Appellant has made essentially two challenges to the jury panel: 1) since the jury plan for the Western District of Washington called for the refilling of the master jury wheel every four years, the jury that tried appellant was selected from a group drawn from a voter registration list in 1968, effectively excluding from the panel all persons under the age of 25; and 2) the effect of using voter registration lists, without supplementation, in filling the master jury wheel resulted in the selection of a jury in which the non-white population of the six counties from which the jury was drawn was so grossly underrepresented as to violate the requirements of equal protection and the sixth amendment.5 Appellant's contentions raise several statutory and constitutional arguments, many of which have already been considered by this Circuit.
Appellant's initial argument is that the jury plan violates the Jury Act because it calls for the refilling of the jury wheel every four years instead of every two years. This is a question of the proper construction of the Jury Act and has been resolved by this Circuit adversely to appellant in United States v. Ross, 468 F.2d 1213 (9th Cir. 1972).
Appellant's second contention is that the plan is statutorily and constitutionally deficient because, as a result of refilling the jury wheel every four years, it operated here to exclude from the panel all persons between the ages of 18 and 25. This question has also been considered and resolved in this Circuit. Since, at the time of the trial, the Jury Act limited jury service to persons over 21 years of age, 28 U.S.C. Sec. 1865(b) (1),6 any challenge to the exclusion of persons under 21 years of age must be rejected on the authority of United States v. Duncan, 456 F.2d 1401, 1404-1405 (9th Cir. 1972). See also United States v. McVean, 436 F.2d 1120, 1122 (5th Cir. 1971), cert. denied, 404 U.S. 822, 92 S.Ct. 45, 30 L.Ed.2d 50 (1971). With respect to the asserted exclusion of persons between the ages of 21 and 25, appellant's challenge must be rejected on the authority of United States v. Ross, supra, and United States v. Duncan, supra, 456 F.2d p. 1406.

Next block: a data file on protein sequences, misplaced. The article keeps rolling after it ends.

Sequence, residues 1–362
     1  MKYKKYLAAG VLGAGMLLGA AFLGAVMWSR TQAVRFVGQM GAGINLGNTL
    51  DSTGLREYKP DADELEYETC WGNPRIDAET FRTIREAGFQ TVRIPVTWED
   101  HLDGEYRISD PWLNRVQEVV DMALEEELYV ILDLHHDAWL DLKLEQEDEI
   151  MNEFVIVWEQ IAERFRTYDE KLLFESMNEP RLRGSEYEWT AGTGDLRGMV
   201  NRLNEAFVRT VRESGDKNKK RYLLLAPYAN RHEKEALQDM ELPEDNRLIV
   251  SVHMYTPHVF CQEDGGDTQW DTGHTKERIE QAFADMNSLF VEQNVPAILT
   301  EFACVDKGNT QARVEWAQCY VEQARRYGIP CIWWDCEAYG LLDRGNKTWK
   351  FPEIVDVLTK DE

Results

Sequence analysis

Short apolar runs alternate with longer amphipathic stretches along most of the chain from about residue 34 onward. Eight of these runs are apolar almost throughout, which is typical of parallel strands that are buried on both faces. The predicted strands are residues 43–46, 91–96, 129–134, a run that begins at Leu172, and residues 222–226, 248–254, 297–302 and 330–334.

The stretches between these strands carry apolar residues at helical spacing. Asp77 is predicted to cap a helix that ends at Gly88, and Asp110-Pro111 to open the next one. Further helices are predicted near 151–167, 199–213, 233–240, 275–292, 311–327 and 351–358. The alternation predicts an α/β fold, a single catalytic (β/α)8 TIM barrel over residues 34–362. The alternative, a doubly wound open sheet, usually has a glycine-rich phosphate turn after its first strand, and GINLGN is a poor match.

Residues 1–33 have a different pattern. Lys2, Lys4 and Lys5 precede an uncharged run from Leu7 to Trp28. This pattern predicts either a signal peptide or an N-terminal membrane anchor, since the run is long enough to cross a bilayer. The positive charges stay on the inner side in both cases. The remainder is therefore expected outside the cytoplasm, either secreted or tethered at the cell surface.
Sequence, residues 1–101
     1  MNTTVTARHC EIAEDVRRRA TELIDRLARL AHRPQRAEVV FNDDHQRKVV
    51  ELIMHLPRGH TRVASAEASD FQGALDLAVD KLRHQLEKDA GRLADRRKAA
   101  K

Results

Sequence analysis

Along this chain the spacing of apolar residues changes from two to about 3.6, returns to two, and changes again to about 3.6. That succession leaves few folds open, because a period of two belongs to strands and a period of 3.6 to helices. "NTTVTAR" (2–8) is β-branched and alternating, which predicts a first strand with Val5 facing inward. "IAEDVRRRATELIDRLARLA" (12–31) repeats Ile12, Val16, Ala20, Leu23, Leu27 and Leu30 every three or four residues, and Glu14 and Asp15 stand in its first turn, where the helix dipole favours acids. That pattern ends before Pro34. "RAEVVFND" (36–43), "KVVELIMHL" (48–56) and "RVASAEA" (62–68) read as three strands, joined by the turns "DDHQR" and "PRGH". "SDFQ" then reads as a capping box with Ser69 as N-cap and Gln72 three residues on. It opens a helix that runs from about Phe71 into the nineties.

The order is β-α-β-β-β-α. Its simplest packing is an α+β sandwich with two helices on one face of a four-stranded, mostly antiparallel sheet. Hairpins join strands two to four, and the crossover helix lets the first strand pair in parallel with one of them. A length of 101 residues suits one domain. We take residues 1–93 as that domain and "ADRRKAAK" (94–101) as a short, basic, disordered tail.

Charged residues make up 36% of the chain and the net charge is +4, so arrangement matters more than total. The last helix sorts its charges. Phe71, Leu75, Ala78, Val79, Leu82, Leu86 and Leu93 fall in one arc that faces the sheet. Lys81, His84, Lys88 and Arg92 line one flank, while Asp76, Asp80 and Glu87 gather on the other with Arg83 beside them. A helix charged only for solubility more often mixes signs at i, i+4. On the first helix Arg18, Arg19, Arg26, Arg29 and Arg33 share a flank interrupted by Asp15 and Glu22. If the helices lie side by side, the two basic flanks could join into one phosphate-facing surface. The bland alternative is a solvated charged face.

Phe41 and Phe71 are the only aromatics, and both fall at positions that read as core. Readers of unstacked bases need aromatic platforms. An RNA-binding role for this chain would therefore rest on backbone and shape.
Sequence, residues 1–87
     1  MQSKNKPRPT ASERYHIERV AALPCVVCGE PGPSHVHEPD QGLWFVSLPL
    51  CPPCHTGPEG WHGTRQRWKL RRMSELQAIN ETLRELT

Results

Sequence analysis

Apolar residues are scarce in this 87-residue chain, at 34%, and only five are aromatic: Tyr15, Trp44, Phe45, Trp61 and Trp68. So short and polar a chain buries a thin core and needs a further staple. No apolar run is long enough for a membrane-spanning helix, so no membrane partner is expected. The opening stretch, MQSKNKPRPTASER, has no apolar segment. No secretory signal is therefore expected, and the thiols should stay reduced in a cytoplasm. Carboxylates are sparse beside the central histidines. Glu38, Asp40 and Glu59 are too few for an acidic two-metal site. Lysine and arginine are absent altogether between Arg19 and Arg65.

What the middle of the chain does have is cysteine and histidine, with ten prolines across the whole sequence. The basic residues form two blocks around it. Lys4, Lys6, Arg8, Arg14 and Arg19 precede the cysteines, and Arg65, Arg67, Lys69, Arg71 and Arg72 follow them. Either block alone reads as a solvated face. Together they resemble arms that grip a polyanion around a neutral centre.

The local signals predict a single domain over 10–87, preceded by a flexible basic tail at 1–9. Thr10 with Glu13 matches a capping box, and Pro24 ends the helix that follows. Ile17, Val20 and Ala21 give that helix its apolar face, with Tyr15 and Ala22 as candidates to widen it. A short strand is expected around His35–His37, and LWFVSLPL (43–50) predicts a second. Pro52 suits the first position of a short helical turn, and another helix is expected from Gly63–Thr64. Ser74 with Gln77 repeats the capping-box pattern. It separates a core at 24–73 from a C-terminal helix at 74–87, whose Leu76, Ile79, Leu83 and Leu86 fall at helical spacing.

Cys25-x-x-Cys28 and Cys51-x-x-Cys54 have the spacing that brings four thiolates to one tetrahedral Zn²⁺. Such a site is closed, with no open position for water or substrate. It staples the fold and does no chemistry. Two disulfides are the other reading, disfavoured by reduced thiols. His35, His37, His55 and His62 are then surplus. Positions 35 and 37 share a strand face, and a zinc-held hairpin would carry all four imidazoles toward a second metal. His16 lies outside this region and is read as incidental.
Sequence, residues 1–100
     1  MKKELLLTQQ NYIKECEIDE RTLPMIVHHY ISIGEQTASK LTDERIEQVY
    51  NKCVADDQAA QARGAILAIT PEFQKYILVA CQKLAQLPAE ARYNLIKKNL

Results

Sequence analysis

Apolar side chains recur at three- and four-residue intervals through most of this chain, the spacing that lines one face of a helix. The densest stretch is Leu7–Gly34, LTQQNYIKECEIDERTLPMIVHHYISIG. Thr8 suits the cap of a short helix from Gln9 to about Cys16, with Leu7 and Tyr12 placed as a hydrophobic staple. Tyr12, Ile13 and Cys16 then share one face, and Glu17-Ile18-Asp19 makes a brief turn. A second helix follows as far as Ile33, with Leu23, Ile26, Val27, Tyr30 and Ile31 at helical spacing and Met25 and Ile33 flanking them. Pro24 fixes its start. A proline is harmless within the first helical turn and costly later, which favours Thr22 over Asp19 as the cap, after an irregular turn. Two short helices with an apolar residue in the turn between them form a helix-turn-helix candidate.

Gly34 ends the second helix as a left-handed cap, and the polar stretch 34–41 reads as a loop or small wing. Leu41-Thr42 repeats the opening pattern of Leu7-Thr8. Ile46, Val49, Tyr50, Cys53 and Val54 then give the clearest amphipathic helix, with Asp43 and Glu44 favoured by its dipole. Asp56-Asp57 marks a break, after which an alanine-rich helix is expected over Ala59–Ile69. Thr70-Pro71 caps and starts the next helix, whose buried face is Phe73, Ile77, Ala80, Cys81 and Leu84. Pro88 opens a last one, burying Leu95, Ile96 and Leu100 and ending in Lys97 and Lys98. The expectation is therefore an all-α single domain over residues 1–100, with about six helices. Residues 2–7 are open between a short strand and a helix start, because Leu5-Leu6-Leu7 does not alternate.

Appellant's final challenge to the jury panel was that the plan under which it was selected resulted in a gross underrepresentation on juries of the non-white population in the community. Appellant had the burden of showing that the plan resulted in the systematic exclusion of an identifiable group within the community. United States v. Parker, 428 F.2d 488, 489 (9th Cir. 1970); United States v. James, 453 F.2d 27, 29 (9th Cir. 1971). Although the district court permitted appellant ample time in which to present material to substantiate this challenge, we agree with the district judge that appellant did not carry his burden. Therefore, we conclude that appellant's challenges to the jury panel were properly denied.
The Honorable J. Edward Lumbard, Senior United States Circuit Judge, United States Court of Appeals for the Second Circuit, sitting by designation
AR 601-270, par. 3-31(2) states in pertinent part:
A registrant who refuses to comply with instructions, rules or procedures prescribed for registrant processing, or who refuses to take part in some, or all, of the prescribed processing, testing, or examination will be informed that his refusal constitutes a felony under the provisions of the Military Selective Service Act of 1967.